imagesUsing a creative, dynamic approach, Marymound School delivers the provincial education curriculum from elementary grades to grade 11. Marymound School serves two populations of students. Some are young people who live in Marymound group homes or living units, while others, Day Treatment students, come from all over Winnipeg, and live at home with their parents, foster parents or other group homes.

 

Manitoba Youth Centre is the largest youth correctional centre in Manitoba and is located in Winnipeg. It houses both male and female young offenders. MYC is responsible for the care, custody and security of Sentenced and Remanded youth. Case-management, Programming and Spiritual care are offered regularly at the centre; in order to help young people make better choices and avoid criminal lifestyles.

 

CaptureKnowles Centre is a community-based, non-profit social service agency for children, adolescents and young adults facing difficult times in their lives. It began as a home for boys in 1907, and today provides a range of therapeutic and skills-based programs to young people from Manitoba and other communities throughout Canada. Their mission is to help young people and their families to address past struggles, to develop healthier relationships and ways of life, and to reach their full potential in the future.

 

WLogo-1Wahbung Abinoonjiiag was established to empower children and their families to break the cycle of violence. They do this by providing opportunities for holistic healing through culturally-appropriate teachings and activities in a safe and nurturing environment. They offer youth programs, to provide participants with a safe environment where youth can come hang out, be themselves, and get support from their peers and caring adults.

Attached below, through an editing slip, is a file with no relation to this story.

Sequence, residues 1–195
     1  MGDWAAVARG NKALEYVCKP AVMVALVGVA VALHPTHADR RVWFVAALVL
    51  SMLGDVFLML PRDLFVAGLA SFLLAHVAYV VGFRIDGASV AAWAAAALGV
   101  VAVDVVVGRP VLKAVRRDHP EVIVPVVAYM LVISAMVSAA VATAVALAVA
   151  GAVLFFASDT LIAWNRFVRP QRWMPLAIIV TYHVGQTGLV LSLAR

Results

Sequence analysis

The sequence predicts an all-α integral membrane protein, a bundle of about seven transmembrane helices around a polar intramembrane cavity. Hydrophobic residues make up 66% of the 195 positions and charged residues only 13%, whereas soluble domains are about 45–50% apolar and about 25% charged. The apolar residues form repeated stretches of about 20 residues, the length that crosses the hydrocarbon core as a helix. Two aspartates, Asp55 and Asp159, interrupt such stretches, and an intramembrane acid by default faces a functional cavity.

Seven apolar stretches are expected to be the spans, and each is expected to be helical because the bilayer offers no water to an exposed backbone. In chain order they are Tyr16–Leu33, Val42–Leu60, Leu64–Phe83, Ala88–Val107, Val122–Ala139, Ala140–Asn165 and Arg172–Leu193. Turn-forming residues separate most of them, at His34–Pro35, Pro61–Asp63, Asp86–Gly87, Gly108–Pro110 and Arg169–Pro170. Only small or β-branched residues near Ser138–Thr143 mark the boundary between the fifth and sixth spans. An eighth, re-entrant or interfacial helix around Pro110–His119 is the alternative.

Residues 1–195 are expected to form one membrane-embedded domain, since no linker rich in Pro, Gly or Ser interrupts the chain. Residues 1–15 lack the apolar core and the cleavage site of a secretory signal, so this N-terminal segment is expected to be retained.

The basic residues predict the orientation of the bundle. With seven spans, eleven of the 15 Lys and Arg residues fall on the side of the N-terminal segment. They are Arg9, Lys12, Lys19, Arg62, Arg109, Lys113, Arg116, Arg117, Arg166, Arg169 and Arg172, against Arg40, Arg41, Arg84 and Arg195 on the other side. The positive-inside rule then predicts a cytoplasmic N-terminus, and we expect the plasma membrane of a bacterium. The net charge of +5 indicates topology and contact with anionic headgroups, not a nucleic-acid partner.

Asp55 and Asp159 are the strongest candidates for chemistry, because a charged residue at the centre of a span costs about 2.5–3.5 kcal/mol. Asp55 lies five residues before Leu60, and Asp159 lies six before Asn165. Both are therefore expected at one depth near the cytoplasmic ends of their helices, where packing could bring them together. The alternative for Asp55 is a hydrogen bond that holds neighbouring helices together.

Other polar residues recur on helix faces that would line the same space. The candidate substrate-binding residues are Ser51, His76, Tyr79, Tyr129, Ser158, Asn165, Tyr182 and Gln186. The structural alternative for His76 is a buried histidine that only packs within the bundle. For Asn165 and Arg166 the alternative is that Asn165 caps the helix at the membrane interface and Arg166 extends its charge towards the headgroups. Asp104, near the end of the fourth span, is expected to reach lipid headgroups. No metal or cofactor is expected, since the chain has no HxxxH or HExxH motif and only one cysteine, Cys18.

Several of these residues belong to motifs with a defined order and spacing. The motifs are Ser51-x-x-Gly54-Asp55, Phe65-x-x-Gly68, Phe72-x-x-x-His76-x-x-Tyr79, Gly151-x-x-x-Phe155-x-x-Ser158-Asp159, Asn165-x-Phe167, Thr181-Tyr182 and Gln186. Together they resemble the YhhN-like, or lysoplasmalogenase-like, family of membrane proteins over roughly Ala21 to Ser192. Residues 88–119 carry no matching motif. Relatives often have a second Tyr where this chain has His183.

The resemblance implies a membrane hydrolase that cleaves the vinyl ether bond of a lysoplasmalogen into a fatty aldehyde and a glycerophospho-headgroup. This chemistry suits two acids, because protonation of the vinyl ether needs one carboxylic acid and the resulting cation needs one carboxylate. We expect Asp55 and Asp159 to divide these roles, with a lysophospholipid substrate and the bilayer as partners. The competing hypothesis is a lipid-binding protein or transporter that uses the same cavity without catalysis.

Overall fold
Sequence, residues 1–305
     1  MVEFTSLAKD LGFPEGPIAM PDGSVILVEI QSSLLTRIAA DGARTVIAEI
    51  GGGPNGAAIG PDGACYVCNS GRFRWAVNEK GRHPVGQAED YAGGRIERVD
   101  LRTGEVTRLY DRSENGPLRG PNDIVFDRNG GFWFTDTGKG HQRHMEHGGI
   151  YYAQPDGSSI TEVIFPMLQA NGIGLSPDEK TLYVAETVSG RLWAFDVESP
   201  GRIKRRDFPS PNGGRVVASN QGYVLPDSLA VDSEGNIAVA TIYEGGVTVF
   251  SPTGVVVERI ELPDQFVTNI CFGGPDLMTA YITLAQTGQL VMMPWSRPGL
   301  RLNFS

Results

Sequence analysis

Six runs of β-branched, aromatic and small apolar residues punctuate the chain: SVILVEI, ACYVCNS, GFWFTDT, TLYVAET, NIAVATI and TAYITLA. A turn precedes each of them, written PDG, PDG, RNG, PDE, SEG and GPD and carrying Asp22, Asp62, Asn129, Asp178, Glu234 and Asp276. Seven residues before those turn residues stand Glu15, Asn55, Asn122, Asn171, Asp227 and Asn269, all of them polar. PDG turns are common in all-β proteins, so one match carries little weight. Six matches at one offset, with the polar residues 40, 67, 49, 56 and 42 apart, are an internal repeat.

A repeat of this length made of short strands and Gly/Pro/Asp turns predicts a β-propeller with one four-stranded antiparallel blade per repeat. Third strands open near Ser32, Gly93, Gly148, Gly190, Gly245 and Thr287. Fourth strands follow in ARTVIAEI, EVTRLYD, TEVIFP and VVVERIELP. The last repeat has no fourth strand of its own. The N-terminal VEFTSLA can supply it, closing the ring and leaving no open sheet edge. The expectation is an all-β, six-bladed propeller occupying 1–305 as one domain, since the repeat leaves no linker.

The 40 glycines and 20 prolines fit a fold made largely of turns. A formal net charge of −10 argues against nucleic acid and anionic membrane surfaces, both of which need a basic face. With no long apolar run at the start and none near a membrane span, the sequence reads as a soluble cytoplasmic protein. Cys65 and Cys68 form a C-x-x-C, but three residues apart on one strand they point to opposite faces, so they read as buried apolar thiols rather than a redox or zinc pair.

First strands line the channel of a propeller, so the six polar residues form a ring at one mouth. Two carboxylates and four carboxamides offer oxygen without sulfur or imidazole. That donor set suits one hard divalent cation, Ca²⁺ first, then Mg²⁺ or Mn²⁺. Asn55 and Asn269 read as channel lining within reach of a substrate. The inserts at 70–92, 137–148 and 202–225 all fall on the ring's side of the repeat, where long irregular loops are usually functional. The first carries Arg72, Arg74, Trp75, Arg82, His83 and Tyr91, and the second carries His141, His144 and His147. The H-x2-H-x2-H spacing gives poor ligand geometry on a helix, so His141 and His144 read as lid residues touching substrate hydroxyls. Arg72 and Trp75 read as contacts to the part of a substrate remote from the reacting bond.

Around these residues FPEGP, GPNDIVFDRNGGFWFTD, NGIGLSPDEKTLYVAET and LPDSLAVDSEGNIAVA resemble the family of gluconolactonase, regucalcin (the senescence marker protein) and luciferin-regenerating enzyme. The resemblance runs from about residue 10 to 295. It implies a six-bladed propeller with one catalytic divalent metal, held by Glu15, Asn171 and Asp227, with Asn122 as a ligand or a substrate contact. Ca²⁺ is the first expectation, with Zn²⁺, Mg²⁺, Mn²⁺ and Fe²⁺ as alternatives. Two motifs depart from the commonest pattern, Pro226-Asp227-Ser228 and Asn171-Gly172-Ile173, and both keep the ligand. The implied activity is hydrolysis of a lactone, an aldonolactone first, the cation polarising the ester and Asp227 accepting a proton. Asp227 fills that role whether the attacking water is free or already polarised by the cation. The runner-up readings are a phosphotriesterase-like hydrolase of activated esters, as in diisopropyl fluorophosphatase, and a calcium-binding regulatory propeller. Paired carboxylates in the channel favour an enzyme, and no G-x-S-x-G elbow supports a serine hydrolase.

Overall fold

10183d2b-f704-4fe7-a968-516f5979c475nChildren of the Earth School is an Aboriginal education school that aims to serve students who, while undertaking a standard high school education, also want to learn about their Aboriginal heritage, values, and traditions. We’ve been running youth workshops at the school for the past few years as the school does not currently offer a drama program. We’re excited to return and work with the youth to prepare for our May 2020 production!

This is just Phase One of the project! You can see the results of the visioning circles at our public presentation and project launch May 4-9, 2019. We will then launch workshops in June and begin work combining the stories to create a full production, debuting May 2020. Follow the progress on our latest community collaboration project!

 

The Road to Reconciliation

“What are you going to do about the way this country treats Indigenous People,” asked Senator Murray Sinclair at the Winnipeg Foundation’s recent Vital Conversation. It is not an easy question. The word reconciliation is being used a lot lately, but not always with a full understanding of what it means let alone what it will require. Sarasvàti Productions is grappling with the role of theatre and the arts in this important process. Thanks to funding from the Winnipeg Foundation, we’re gearing up for the first phase of a long-term project. With the hard work of our Project Coordinator Nova Courchene, Indigenous Community Outreach Coordinator Marsha Knight, Visual Artist Jaime Black, Graphic Designer Justin Bear, and the guidance of our Indigenous Advisory Committee, we are putting together an exciting public launch of the project from May 4 to 9.

 

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[Poster] Sarasvati - 7 CirclesThroughout April we will be working on Seven Circles, visioning sessions with youth. Seven organizations will host a space for youth to brainstorm and decide the parameters for a series of arts-based workshops. We are grateful to Children of the Earth High School, Indigenous Leadership Development Institute, The Knowles Centre, Manitoba Youth Centre, Marymound School, Ndinawe, and Wahbung Abinoonjiiag for their partnership.